No Need to Watch the NFL Playoffs “” There’ll Be No Surprises

These are not “” I repeat, NOT “” NFL playoff predictions. They are inevitabilities. If you read this article then watch the games, you’ll think you’re watching ESPN Classic.

Spoiler alert, bro.

We’ll ring in Millard Fillmore’s 212th birthday with an afternoon treat of Cincinnati at Houston. This is by far the most underwhelming playoff matchup of any sport, ever, and that’s saying something since I went to elementary school with Bengals tackle Andrew Whitworth. (Note: This will be the only gratuitous name-drop I’ll poop this month. I’ll leave gratuitous name-dropping to this magazine’s publisher. He can drop a name like a champ.)

Count on the Bengals winning this one easily. Why? Because when tens of thousands of Yats evacuated to Houston over six years ago, they took every imaginable football curse with them, turning the Texans into, basically, your dead, alcoholic great-uncle’s Saints. (He really shouldn’t have driven that night “” he got what he asked for).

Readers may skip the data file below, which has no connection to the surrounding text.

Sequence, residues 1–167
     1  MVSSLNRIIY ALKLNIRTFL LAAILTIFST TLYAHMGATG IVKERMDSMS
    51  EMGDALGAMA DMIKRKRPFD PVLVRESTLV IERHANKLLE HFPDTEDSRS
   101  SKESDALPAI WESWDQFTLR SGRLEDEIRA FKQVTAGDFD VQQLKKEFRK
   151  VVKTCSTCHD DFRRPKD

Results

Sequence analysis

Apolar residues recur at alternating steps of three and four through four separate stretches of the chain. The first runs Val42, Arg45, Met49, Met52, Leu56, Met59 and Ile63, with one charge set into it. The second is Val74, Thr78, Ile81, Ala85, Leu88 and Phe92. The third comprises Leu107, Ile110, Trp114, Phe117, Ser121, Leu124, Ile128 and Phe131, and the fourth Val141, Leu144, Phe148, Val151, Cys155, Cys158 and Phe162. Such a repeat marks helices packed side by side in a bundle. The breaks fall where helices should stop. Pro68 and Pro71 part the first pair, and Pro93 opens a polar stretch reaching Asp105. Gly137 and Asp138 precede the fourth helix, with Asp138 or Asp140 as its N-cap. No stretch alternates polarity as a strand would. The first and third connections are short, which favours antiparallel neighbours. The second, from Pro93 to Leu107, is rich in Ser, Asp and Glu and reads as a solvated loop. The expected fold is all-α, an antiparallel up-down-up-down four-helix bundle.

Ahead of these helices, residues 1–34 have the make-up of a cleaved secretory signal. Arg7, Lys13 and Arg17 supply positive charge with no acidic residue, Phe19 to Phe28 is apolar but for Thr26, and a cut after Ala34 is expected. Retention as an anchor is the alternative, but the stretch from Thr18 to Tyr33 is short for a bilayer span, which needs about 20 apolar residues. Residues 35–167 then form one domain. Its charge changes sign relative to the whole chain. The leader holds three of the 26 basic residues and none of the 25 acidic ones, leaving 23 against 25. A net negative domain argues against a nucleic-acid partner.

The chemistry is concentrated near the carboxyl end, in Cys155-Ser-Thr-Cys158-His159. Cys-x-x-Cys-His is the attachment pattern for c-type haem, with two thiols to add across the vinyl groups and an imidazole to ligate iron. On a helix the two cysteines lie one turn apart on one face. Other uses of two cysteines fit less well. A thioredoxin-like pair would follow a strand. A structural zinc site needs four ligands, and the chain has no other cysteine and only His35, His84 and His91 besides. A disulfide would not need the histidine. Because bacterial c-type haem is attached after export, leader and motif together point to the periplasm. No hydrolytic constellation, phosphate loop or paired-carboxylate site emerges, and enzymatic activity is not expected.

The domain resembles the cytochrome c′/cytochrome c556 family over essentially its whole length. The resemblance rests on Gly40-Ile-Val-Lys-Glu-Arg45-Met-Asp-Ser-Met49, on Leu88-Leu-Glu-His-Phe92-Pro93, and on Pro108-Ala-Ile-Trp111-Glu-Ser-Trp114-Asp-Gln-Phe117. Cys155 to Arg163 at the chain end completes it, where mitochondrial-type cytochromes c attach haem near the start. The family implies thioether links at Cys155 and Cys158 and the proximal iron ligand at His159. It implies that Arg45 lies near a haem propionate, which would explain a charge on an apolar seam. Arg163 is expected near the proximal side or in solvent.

After you and your stepfather nearly come to blows during an argument over whether President Fillmore was right to support the Compromise of 1850 (the old man was right, by the way “” Fillmore had his head up his ass), you will have already missed Ndamukong Suh’s ejection in the first quarter for intentionally punching Saints center Brian de la Puente in los testìculos. Saints win big over the Lions; Brees sits the entire second half.